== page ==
Thursday, April 18, 2013

Tiny Stomps Can Make Such Big Splashes!

Preschool science for curious little minds...

I've often been asked for science activities and resources for preschool kids. Finally, I've decided to pool some of our favorite activities and resources together for parents of preschool and kindergarten age kids.

Me and Kat at the Science Center!
Photo Credit: David Venezia

Kat and I first began our adventures in learning together when she was 3 years old. This gave me a wonderful opportunity to really show her the many things that I love about the world. What I didn't expect was that I too, would begin to learn more than I ever thought possible, and that this would brighten my life in so many ways!

The wonderful thing about young kids is that everything is new and exciting! Kids want to know more about the world and are excited to be active participants in it. They want to stick their feet in mud puddles and squish their toes around in it. They want to pick up the ladybug crawling on the ground and take a closer look. Kids are natural explorers and they do a great job of finding things to be interested in (even if it's something they're not supposed to be getting into!). The wonderful thing about this is that every time you go outside, you're presented with a wonderful opportunity to teach your kids about the world and how to care for it.

Wednesday, April 10, 2013

A Look Inside The Crystal Shard

Kat and I have been spending quite a lot of time outside lately, examining and collecting rocks. We're captivated by the glittering greens, deep reds, and dramatic blacks that we see all around us. The type of rock that has most captivated Kat however, is the sparkling white of the Quartz Crystal. When she was 4 years old, she would go on collecting expeditions with her friends, amassing large piles of the white rocks. As she's grown older, she's used them to create land art, or line her garden. It came as no surprise to me that when we were contemplating our next week of geology study, that Kat suggested we study crystals.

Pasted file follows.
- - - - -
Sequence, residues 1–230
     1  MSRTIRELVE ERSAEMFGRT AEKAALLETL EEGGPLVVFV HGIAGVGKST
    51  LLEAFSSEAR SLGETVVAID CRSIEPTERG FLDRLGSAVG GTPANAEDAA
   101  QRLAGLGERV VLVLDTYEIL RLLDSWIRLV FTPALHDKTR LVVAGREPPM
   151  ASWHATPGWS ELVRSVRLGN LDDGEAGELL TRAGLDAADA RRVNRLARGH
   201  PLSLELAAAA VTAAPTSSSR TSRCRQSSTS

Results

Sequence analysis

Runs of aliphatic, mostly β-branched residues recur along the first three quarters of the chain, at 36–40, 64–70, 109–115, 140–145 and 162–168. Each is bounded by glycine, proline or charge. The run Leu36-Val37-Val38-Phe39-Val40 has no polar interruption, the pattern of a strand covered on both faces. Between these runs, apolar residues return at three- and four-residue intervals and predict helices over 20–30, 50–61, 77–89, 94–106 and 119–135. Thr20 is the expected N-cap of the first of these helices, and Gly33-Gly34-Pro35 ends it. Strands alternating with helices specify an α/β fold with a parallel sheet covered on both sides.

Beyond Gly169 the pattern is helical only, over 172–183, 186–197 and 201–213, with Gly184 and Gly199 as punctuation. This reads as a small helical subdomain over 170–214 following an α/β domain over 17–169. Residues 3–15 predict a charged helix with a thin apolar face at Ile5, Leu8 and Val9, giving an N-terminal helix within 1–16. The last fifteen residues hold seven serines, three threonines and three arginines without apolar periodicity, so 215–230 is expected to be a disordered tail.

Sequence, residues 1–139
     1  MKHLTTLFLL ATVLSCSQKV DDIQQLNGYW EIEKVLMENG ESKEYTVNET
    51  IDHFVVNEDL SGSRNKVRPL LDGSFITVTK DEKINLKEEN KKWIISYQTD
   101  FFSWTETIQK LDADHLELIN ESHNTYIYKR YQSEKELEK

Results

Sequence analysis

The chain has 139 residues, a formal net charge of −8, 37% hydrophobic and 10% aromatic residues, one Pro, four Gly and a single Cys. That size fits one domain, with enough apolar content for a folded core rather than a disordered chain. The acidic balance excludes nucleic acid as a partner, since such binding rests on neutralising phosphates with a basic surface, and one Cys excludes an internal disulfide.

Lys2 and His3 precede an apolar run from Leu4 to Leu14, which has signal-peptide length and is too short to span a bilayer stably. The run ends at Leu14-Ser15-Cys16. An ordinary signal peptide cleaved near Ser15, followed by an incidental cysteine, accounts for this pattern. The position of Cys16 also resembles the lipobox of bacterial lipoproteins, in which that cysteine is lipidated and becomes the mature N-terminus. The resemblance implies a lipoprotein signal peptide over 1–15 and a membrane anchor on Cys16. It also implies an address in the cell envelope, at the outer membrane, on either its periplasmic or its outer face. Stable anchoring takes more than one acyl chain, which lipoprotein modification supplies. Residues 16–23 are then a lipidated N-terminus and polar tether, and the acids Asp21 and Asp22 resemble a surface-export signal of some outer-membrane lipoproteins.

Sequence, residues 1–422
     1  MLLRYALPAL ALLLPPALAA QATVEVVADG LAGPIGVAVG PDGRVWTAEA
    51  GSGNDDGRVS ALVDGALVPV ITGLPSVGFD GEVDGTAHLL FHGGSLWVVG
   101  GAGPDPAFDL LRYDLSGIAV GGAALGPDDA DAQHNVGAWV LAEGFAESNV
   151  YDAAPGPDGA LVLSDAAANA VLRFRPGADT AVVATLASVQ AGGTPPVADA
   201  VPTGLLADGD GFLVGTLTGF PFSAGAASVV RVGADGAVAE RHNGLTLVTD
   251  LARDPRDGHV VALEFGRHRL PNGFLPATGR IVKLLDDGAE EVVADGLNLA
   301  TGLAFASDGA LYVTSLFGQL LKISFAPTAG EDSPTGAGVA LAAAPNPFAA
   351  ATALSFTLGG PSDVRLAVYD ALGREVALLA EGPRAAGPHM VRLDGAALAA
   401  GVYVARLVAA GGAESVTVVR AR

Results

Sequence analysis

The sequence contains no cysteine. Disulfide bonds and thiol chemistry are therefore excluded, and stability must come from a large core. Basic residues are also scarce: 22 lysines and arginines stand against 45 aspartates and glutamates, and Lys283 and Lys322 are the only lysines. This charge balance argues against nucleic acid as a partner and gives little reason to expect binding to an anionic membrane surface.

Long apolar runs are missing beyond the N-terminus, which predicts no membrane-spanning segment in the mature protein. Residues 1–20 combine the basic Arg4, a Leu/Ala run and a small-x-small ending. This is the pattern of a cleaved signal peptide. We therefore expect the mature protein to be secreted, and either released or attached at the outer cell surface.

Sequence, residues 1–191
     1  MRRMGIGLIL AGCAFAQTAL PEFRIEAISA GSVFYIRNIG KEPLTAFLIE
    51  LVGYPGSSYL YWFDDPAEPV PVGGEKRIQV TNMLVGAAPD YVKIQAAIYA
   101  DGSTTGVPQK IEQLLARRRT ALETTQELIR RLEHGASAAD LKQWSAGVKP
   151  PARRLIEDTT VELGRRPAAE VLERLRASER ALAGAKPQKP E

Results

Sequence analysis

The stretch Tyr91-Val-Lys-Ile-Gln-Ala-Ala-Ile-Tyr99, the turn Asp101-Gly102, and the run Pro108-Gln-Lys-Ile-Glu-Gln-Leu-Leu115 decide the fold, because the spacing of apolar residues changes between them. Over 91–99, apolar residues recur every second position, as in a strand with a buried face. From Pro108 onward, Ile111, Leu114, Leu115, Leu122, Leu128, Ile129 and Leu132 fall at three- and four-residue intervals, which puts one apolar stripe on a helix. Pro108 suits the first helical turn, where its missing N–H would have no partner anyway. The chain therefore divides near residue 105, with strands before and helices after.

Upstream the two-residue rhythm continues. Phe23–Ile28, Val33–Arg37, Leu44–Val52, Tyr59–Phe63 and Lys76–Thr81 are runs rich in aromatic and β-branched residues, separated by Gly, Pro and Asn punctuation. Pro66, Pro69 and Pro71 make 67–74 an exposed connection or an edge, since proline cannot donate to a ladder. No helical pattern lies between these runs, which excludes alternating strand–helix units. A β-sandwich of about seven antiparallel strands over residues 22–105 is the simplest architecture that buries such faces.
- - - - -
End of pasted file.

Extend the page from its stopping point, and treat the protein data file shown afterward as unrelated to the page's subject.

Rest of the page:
Thursday, April 4, 2013

Baking With Geology!

A couple of weeks ago, Kat and I began our big geology project. We learned a lot about the geological history of Arizona and even took our lessons to the field! While examining the outcrops around us, we talked a lot about the layers of the Earth and plate tectonics. We talked about how layers of the crust may have been thrust upwards as plates moved into each other (uplift) and how some layers would sink under others as they moved lower to the mantle (subduction). However, as I was explaining these concepts to my daughter, I realized that she would have a much easier time understanding it if she could see these geological processes at work. So, we spent an entire week in the kitchen cooking up concepts for understanding geology!

The Earth's crust is divided into four major layers: the crust, the mantle, the outer core, and the inner core. The Crust is approximately 5-30 miles thick, being the thinnest at the oceanic layer (up to 5 miles thick) and the thickest at the continental layer (up to 30 miles thick). The crust contains all of the dirt, sand, pebbles, rock, and bedrock that we typically think of when we consider the Earth's crust.